Dutch bill urges compensation for 'comfort women'
Updated: 2007-11-22 07:10
In a highly unusual move, the lower house of the Dutch parliament passed a motion unanimously on Tuesday, urging Japan to financially compensate the women forced into sex slavery during World War II (WWII).
This is the first time a national parliament has endorsed a motion calling for a thorough redressing of the sufferings of the so-called "comfort women" before and during WWII.
The motion requests the Dutch government ask Japan to "refrain from any declaration that will devalue the 1993 declaration of remorse" made by then Japanese Chief Cabinet Secretary Yohei Kono.
Tokyo should "take full responsibility for the involvement of the Japanese army in the system of forced prostitution," the motion says.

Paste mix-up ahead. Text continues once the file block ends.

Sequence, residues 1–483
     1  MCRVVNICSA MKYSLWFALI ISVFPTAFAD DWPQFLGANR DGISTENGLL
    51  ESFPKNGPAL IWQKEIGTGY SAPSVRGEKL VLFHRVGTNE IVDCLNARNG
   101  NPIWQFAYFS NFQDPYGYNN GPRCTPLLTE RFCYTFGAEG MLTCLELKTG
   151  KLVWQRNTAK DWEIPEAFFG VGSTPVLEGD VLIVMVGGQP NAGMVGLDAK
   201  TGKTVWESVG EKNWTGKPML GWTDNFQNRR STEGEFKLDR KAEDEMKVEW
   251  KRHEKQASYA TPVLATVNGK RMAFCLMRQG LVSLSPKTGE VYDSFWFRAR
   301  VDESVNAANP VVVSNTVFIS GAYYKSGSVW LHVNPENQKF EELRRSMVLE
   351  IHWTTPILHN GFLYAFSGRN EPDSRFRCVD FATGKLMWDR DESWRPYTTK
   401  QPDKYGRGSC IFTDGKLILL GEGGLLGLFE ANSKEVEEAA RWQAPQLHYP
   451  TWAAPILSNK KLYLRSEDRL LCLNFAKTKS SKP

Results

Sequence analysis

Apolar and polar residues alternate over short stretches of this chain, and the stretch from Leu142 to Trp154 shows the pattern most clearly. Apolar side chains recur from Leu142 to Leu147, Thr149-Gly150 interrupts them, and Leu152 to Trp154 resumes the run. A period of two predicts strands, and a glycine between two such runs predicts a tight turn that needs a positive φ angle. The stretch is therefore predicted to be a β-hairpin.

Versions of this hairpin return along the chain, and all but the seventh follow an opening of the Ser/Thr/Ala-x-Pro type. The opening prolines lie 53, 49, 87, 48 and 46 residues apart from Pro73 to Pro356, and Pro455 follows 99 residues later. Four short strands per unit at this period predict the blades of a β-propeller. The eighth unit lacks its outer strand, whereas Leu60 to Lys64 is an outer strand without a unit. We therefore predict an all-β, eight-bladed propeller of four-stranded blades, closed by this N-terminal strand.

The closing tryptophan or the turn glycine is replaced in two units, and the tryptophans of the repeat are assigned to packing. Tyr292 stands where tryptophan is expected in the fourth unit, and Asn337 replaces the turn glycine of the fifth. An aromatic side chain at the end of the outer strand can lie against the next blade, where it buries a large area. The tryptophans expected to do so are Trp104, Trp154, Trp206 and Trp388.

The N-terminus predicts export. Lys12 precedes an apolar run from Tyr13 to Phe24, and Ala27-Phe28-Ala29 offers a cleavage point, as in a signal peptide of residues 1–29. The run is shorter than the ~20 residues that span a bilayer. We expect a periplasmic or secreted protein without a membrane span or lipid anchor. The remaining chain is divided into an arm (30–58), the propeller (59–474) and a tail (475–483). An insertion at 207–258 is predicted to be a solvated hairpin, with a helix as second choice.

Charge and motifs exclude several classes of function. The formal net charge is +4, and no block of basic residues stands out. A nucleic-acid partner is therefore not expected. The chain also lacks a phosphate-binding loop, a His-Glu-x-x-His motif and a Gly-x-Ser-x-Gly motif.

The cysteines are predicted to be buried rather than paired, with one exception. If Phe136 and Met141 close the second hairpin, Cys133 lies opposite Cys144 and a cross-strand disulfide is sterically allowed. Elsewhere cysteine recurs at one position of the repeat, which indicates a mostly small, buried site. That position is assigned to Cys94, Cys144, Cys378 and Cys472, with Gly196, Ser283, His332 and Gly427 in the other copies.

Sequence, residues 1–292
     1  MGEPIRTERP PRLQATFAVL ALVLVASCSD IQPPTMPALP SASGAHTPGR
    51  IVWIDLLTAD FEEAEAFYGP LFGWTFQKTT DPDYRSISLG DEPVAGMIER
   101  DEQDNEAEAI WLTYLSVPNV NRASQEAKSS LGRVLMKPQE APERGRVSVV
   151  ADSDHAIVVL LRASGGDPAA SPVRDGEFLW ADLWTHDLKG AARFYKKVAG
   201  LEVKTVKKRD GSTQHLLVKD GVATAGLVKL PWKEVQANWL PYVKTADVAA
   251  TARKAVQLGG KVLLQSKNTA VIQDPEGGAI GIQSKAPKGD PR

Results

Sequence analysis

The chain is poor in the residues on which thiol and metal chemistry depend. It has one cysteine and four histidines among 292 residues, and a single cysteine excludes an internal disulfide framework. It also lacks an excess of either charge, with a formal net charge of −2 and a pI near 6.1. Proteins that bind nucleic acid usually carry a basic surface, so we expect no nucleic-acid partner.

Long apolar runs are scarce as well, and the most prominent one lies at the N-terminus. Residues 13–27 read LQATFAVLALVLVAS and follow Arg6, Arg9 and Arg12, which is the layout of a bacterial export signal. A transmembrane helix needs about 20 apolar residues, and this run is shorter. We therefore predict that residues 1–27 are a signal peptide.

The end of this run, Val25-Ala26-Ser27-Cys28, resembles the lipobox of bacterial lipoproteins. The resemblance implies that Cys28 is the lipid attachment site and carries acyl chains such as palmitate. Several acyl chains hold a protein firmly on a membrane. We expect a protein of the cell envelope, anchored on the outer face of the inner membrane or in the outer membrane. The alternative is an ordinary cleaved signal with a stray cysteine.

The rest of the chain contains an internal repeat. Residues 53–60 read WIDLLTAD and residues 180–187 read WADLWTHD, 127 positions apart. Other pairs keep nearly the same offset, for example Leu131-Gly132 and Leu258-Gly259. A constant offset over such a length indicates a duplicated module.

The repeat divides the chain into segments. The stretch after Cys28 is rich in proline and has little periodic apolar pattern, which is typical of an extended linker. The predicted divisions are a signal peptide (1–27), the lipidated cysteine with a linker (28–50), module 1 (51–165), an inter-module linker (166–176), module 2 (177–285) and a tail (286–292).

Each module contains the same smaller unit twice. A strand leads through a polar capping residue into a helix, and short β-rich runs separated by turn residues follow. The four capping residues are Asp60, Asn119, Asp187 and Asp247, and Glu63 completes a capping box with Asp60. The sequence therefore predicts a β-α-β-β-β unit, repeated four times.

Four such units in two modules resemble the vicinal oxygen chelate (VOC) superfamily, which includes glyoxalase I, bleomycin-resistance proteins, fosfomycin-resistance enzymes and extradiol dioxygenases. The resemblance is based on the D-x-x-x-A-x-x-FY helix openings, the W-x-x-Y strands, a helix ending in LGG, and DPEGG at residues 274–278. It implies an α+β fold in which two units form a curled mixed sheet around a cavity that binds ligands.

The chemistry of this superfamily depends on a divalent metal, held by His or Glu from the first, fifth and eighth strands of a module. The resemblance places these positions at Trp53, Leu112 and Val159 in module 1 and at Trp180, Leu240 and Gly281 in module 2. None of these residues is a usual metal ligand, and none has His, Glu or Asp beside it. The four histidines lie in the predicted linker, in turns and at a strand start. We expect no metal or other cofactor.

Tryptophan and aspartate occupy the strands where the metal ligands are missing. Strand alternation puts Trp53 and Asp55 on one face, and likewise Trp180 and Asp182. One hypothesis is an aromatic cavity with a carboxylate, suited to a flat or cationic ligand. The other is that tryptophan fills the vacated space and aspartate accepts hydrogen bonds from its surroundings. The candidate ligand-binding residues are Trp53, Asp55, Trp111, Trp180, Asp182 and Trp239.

The Japanese government is urged to "make an additional gesture by offering the comfort women still alive a form of direct, moral and financial compensation for the inflicted suffering," according to the motion.
Japan should also revise its history textbooks and give a more accurate picture of WWII, including moves by the Japanese military to force Asian and Western women into prostitution, the motion says.
Historians estimate that some 200,000 women were forced to serve as sex slaves for Japanese forces during WWII, including about 300 Dutch women and girls in the former Dutch colony of Indonesia.
All 150 members of the lower house of parliament voted in favor of the motion, which is highly unusual for the Dutch parliament, said Dutch lawmaker Hans van Baalen.
Dutch Foreign Minister Maxime Verhagen told parliament that he would convey the demands to the Japanese government and seek a reply.
(China Daily 11/22/2007 page7)